Yesterday you asked me if you could go on a run with me.
We were walking to your piano lesson - something I insisted on even though you complained that we walk every time and maybe I don't realize that walking home from school and then to and from piano lessons (combined time of approximately 30 minutes) might be too much for a six year old. The sun was shining, spring was finally starting to spring, and I was prepared to be frustrated with you.
Not a race with a bunch of people, just out for a run. With me. Just the two of us.
A smile crept across my face. I held your hand a little tighter. And I said yes. I would love that.
Maybe today or tomorrow? you asked.
Tomorrow, I replied. Quick! I thought to myself. Quick, before she doesn't want to be with you, close to you, happy to be doing what you're doing, together. Don't miss this chance!
Maybe our first real run together will be something you will always remember. Maybe it will be one of your favourite memories of the two of us together. Or maybe when I pick you up from school today you'll be too tired or you just won't feel like it. But this time, I won't insist that we get out there and enjoy ourselves whether we like it or not, because we have memories to make and a childhood to make special, dammit!
I am coming to realize that the memories make themselves. Every day, in the big and the small, the memories are being made no matter how many articles I read or hours I spend worrying about how to do it right. That moment between us yesterday was a very special one for me. I witnessed a memory being made. I felt it wriggle its way into a corner of my brain and take up residence. It felt warm.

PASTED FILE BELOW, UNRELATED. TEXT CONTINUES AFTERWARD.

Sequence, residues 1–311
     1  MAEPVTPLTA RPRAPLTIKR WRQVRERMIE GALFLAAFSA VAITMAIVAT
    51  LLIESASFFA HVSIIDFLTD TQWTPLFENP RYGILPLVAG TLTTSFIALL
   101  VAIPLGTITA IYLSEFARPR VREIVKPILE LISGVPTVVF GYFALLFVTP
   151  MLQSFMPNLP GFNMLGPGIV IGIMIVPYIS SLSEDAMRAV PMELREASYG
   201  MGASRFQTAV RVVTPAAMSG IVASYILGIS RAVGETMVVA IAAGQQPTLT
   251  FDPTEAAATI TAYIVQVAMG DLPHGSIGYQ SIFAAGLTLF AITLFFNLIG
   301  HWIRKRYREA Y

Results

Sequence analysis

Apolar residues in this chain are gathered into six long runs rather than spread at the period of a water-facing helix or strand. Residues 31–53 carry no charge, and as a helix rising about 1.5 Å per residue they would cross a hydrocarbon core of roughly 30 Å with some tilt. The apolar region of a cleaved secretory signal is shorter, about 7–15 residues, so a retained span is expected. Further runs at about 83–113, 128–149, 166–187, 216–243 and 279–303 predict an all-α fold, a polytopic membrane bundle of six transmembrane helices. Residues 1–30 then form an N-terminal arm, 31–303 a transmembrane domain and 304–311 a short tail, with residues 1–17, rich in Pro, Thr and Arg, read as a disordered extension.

I am also realizing that it doesn't matter to me if your memories include the coolest Hallowe'en costumes or the most original loot bags or the most elaborate vacations. I want you to remember me smiling, laughing, hugging a lot, and listening. I want to you to remember that I made you feel loved, capable, and important. And now that I've learned the secret to making memories - that my job is not to carefully select, package and insert each memory into your brain, but rather to show up and be the person I want you to remember - I find myself witnessing even more memories.
I remember holding you on my lap after dinner last night while we looked at houses on the computer with your dad. You looked through all of the pictures, searching for the perfect place in each house to set up an art table. Your bare legs were dangling over my arm, and I couldn't believe how little and how big they looked. I felt the warm weight of your back on my chest. I was so content.
I remember rubbing my cheek against yours as I carried you upstairs. We tried to decide whose cheek was softer. I thought yours. You thought mine. I think I've never felt a cheek so soft and warm and unbelievably kissable.
I remember how much I love our Uno games before bed, and how I love it when you win. I used to lose on purpose, but I worried that winning all of the time might make you a poor sport. So then I won a couple of times, and worried that you would lose your confidence and not want to play anymore. Now I just play. Because you're not going to remember how many times you won or lost. You're going to remember that you and mom and dad played hundreds of games of Uno before bed and there was a lot of laughter, a few tears, and an alarming amount of trash talk.
The moral of the story is the same as every moral since Elsa and Anna came on the scene: Let it Go. The memories are making themselves. Let them.